According to several reports fresh off the wire, the International Trade Commission has just ruled in favour of Apple in the company’s long-running attempt to get the courts to implement a sales ban on certain infringing Samsung devices. The case stems back to a countersuit that Apple filed in 2011 following a lawsuit launched by Samsung that claimed several Apple device’s infringed its patents. Fosspatents reports:
Today the United States International Trade Commission (USITC, or just ITC) handed down its final ruling on Apple’s July 2011 complaint against Samsung. An import ban has been ordered and will take effect at the end of the 60-day Presidential review period.
The ITC found that Samsung does indeed infringe on the two patents asserted in the original case, including one often referred to as the “Steve Jobs” patent that covers touch screen features and another that detects when a headset or other device is plugged into an iPhone.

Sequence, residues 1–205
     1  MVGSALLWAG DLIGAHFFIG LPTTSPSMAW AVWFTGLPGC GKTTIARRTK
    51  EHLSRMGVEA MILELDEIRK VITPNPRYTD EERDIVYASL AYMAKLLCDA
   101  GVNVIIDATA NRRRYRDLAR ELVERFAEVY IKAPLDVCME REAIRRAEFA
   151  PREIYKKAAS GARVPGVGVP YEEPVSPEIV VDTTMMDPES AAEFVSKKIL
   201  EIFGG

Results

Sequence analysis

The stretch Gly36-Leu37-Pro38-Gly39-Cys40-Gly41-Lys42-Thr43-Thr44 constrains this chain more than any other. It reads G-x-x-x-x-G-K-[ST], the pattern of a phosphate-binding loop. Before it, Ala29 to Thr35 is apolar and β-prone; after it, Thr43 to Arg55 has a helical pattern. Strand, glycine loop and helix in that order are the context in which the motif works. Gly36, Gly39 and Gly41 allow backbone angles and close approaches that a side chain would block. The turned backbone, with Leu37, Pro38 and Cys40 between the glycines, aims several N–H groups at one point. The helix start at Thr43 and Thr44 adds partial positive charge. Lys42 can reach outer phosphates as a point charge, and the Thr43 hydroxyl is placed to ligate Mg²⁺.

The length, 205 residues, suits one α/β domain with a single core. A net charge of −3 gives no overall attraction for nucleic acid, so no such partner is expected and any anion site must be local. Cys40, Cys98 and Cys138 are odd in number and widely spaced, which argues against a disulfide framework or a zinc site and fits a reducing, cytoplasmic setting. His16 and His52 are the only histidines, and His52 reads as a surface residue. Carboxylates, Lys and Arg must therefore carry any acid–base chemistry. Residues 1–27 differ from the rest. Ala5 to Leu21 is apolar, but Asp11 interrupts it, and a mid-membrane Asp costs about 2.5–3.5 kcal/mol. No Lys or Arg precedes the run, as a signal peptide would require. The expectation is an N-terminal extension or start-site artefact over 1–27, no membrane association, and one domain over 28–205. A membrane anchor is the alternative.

The news follows the Obama administration’s decision to veto an ITC import ban on certain iPhone and iPad models that Samsung won in a separate case. While today’s decision will have to undergo a 60-day Presidential review, the ultimate impact of the ban will depend on the workarounds that Samsung implements in the meantime. Fosspatents also notes it would have a much more difficult time obtaining a presidential veto due to the circumstances of the case:
Even though there may be expectations in South Korea that Samsung should benefit from a Presidential veto only because Apple just won one last Saturday, “me too” doesn’t make sense here because standard-essential patents (SEPs) like the one over which the ITC wanted to grant Samsung an exclusion order come with FRAND (fair, reasonable and non-discriminatory) licensing obligations and can’t be worked around without prohibitive switching costs, while non-SEPs are traditional exclusionary rights and, most importantly, can be worked around. In fact, Samsung presented to the ITC products that it said (and Judge Pender agreed) don’t infringe. If legality is so readily available, a veto isn’t warranted.
Today Apple also attempted to convince a separate court to overturn a decision that let Samsung continue to sell products infringing on iPhone-related patents following a high-profile case last year that awarded Apple close to $1B in damages. A decision in that case isn’t expected for a few months and a new trial regarding some of the original damages is set for November.